The euro is “irreversible,” but leaders have little choice other than implementing changes to prevent the euro zone debt crisis from cascading across the continent, European Union Economic and Monetary Affairs Commissioner Olli Rehn told CNBC on Tuesday.
In an interview with CNBC’s “Squawk Box,” Rehn declined to speculate on whether Spain or Italy would need a financial rescue package. However, he said European policymakers “stand ready to take action if needed” if any member state were to ask for a bailout.
European leaders need to “reform and reinforce the very foundations of the euro and the euro zone,” Rehn said. “The euro is irreversible, and it’s essential that we maintain the unity of the euro.”
Rehn’s remarks came at a time when the markets of Spain and Italy areunder sustained assault by investors, whipsawing their government bond yields that some fear could force them into the embrace of international lenders.
Meanwhile, the European Central Bank (explain this) is readying a plan that may include a bond-buying program on par with the Federal Reserve’s massive quantitative easing (explain this).Rehn told CNBC that “to my mind, it’s clear both the EU and ECB are ready to take action once certain actions are met.”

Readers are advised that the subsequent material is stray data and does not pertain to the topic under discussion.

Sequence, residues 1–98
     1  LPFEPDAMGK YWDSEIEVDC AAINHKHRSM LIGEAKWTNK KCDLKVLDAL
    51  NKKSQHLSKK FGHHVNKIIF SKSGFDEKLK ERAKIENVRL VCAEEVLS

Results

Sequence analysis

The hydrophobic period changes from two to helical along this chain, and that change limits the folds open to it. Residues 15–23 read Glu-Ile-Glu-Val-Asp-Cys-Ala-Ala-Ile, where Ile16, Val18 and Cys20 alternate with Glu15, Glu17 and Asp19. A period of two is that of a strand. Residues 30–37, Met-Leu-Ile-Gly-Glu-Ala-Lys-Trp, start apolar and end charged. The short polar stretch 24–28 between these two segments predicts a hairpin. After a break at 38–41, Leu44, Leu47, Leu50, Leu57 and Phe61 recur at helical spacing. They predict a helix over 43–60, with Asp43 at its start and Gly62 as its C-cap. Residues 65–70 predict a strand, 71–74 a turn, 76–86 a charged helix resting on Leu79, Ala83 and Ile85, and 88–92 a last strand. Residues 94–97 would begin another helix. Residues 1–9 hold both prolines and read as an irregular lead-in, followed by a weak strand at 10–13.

The EU official touted what he called an “Economic and Monetary Union 2.0,” that aimed to strengthen the euro and integrate European institutions in a way that would avert future crises.
He also called upon Greece's leadership to meet the conditions demanded in its bailout terms. "I know it's very hard and painful for Greek citizens, but it is a very hard and necessary rebalancing if Greece wants to stay in the euro," Rehn said.